When you can purchase a home in neighboring Towns (i.e. Brookfield) for the same or lesser amounts than Bethel and pay less taxes what is the draw for Bethel? I purchased my home four years ago; have seen a dramatic decrease in its value and a increase of over $300 per month in my taxes. In this economy people certainly take that into consideration. A couple hundred dollars a month difference is huge. Keep raising the taxes in Bethel. Build huge Police Departments and Libraries and see where it gets us. We will soon look like Detroit.
Bill Hillman July 31, 2012 at 08:11 PM
@Meridith, good observations. What I'm really getting at may be more like an optimization problem, correlating investment vs returns. We do need to improve marketing, and I agree there have been real improvements. But, we have schools that I think rank better than Danbury, and Danbury values dropped less than Bethel. So I'm still not getting a great feel for the correlations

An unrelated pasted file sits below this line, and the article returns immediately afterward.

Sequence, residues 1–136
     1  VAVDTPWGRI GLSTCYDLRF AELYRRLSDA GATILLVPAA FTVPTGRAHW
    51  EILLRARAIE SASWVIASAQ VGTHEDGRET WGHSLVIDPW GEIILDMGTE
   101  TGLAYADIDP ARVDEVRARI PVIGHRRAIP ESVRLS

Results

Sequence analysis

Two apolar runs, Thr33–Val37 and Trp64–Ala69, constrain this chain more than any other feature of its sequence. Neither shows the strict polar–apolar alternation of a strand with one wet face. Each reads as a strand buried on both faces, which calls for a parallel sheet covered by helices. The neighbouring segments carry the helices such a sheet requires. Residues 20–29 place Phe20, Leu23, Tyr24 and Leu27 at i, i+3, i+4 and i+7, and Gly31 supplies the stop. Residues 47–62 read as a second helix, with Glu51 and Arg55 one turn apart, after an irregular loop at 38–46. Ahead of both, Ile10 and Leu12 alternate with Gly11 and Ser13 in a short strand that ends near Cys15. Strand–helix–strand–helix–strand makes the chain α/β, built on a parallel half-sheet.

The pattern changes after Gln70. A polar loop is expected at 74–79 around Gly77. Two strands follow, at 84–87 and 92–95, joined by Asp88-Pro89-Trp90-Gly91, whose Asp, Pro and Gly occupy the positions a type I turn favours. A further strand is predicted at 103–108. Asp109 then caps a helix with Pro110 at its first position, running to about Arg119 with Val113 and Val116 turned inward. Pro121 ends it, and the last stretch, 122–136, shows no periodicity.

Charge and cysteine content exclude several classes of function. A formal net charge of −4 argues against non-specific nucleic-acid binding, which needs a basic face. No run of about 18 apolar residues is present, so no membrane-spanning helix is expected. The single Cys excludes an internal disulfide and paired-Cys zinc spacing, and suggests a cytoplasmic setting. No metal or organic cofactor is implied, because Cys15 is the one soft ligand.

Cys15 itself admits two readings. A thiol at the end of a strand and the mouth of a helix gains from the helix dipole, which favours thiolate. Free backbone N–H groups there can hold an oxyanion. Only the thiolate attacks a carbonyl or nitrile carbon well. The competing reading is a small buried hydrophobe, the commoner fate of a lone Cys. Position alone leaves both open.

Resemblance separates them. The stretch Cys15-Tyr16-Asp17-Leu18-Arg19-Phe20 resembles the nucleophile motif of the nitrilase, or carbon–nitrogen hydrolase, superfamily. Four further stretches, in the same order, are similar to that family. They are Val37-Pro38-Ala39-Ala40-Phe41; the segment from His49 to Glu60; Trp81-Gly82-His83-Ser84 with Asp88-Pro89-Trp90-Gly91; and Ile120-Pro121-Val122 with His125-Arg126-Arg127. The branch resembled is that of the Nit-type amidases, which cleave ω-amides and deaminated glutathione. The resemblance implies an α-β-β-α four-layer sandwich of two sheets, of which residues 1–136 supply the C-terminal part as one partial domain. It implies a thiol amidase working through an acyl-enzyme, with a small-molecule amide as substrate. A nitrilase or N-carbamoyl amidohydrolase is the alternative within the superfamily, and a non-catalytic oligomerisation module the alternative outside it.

Jimmy Pursey July 31, 2012 at 08:53 PM
But "victimization" is all you people have, Donny.
Sue Polaski July 31, 2012 at 09:05 PM
So you are advocating increasing school spending more twice the rate of inflation? What we have done isn't enough? That's lunacy! I'd say our achievements are marketable. But there is a segment of our town that whatever restraint is asked for in spending is seen as an attack "on the kids". I bet our taxes are having a huge affect on marketing!
--- July 31, 2012 at 09:15 PM
Oh, Jimmy....victimization is a Democrat talking point and campaign platform. As a Conservative Constitutionalist, I am not capable of being a victim, although I do like to play one now and again, as evidenced by the above "liberal" comment! LOL! Thanks for stalking me here, Jimmy!
Bill Hillman July 31, 2012 at 09:41 PM
Sue, for my part, I want to start cutting back with the budget increases no more than inflation, as I think the tax increases are hurting now more than the improvements in the school are helping. Also, with many of us getting raises far less than inflation (if at all or even keeping a job), I don't think the public employees should get more than the public, even if its deserved.